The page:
I remember this mantra from my Doctoral program: Goodman and Smith Top-Down, Perfetti and Stanovich Bottom-Up.
The Top-Down theorists believed that readers are the source of meaning. A skilled reader samples the text, but the print itself takes a lesser role in comparison to how the reader interacts with it. Bottom-Up theorists, on the other hand, believed that skilled readers look at the writing itself, and pretty thoroughly at that. While I was working on my doctorate, I remember wondering, like it was yesterday, which theory our professors believed had merit. I asked a classmate; she didn’t know either. I never did figure that out.
So when someone recommended that I check out a Teachers Applying Whole Language Conference in order to help this newly minted specialist teach a new round of students, I did know something about what I was getting into. At this conference I was told that the best way to help students read was to encourage them to predict words using pictures, surrounding context, and their own prior knowledge.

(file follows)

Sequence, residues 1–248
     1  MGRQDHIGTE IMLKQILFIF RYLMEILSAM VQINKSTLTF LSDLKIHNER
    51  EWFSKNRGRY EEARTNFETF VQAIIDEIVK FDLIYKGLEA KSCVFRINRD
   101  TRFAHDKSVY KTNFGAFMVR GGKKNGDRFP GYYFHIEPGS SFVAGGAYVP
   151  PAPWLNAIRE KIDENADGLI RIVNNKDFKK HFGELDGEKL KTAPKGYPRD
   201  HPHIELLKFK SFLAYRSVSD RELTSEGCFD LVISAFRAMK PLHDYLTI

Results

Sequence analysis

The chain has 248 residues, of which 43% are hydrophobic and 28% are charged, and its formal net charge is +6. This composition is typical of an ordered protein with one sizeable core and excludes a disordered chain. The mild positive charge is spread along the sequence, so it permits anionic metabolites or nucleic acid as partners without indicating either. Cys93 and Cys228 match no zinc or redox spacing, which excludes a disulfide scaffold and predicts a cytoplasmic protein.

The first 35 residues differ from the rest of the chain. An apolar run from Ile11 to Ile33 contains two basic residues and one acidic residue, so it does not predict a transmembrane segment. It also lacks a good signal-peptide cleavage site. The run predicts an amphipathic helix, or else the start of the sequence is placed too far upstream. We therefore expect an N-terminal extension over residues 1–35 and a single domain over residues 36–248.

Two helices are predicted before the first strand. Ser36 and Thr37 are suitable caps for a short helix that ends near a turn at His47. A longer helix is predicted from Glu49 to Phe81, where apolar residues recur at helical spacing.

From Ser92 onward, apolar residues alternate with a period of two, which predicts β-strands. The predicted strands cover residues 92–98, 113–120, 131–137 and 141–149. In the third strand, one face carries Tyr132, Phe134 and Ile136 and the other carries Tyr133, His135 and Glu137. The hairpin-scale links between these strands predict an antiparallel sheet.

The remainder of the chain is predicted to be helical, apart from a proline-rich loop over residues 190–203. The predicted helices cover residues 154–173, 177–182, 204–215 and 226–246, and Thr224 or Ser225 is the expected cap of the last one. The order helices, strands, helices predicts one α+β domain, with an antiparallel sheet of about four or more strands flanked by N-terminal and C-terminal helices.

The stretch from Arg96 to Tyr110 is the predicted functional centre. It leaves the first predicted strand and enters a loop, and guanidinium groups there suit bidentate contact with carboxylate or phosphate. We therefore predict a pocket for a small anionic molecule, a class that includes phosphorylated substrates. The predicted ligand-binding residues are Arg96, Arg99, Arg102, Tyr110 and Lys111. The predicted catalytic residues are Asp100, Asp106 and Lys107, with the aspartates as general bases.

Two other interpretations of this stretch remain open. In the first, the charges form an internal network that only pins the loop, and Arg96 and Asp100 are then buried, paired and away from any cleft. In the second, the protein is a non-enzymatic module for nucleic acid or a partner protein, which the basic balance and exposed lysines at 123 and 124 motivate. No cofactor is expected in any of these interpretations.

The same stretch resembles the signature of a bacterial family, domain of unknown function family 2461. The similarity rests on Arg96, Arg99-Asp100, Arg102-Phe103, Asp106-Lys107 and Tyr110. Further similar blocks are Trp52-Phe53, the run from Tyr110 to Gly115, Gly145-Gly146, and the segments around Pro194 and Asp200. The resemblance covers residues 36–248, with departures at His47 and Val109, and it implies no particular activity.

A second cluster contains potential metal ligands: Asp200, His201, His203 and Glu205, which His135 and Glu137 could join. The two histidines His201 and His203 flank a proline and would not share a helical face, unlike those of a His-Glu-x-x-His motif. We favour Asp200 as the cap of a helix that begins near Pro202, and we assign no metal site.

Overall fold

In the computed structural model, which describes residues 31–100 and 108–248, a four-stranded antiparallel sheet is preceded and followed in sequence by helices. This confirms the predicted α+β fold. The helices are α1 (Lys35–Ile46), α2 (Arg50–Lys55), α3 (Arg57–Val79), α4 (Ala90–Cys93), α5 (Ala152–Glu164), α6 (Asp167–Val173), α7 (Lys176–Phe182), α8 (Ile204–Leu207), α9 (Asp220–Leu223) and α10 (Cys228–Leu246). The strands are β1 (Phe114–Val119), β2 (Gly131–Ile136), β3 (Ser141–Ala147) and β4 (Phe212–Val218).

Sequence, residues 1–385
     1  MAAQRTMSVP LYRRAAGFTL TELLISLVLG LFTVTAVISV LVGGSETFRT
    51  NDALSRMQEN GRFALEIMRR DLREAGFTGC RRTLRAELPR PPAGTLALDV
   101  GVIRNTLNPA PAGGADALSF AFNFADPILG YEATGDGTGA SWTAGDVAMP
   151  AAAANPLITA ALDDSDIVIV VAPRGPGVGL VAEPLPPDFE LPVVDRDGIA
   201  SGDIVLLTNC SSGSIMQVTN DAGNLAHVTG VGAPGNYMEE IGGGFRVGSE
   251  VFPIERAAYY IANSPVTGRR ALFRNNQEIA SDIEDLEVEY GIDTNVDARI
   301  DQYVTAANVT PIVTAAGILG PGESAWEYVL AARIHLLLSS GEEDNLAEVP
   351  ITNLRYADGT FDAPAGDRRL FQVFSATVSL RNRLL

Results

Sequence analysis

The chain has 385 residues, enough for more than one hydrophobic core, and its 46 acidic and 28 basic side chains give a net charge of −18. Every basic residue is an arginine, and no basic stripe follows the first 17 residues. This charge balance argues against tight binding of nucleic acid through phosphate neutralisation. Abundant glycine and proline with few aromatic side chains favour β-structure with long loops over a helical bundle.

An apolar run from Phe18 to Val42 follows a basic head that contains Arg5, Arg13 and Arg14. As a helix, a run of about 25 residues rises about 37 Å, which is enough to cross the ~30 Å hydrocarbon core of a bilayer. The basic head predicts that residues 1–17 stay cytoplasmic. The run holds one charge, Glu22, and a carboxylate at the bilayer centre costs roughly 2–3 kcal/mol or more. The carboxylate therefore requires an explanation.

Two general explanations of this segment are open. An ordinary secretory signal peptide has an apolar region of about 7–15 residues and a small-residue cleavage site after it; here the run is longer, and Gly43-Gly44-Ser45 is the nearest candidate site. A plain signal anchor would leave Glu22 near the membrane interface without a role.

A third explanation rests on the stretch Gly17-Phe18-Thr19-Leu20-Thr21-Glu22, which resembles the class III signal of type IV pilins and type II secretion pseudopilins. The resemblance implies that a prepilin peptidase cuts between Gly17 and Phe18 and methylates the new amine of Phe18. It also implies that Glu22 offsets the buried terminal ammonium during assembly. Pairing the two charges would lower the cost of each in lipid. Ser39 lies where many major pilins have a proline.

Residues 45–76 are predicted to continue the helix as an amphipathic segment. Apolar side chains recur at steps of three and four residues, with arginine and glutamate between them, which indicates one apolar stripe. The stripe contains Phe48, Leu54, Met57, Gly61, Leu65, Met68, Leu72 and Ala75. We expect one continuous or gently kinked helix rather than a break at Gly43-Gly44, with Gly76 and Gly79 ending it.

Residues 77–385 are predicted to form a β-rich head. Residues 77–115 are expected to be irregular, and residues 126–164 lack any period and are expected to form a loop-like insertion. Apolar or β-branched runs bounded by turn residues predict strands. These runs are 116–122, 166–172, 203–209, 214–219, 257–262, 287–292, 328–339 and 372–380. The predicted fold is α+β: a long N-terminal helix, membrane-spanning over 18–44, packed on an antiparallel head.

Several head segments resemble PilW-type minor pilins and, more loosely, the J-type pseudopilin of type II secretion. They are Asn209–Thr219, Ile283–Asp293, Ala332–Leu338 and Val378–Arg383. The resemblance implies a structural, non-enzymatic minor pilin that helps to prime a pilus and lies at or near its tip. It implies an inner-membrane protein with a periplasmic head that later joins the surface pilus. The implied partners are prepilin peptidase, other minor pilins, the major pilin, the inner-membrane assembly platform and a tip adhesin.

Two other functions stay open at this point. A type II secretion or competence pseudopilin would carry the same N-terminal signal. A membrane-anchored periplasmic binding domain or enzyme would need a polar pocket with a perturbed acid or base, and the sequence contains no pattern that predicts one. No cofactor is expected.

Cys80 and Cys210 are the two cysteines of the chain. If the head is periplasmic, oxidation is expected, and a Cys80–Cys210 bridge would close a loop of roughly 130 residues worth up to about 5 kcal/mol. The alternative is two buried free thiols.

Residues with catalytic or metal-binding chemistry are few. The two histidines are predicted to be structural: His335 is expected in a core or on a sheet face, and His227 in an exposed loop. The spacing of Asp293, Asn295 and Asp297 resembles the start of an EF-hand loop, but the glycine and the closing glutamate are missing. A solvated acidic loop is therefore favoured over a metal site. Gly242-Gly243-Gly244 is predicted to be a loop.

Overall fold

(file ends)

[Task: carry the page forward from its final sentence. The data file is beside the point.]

It’s the reader who constructs meaning, they said. I wanted to believe this was my answer. But the doubts were there too and I hadn’t even left the venue.
I handed in a question for Q and A time, “But don’t we read, at times, to learn something new?”
They didn’t pick that question.
Oral language is learned naturally, so written language is best learned naturally, too. They said we should teach students to read the same way they learned to speak, which is to say they will learn if they grow up in a literature-rich environment, with exposure to predictable books. I wanted so much to help my students, but those doubts kept nagging me. As a speech pathologist, I knew full well that oral language doesn’t always come along easily.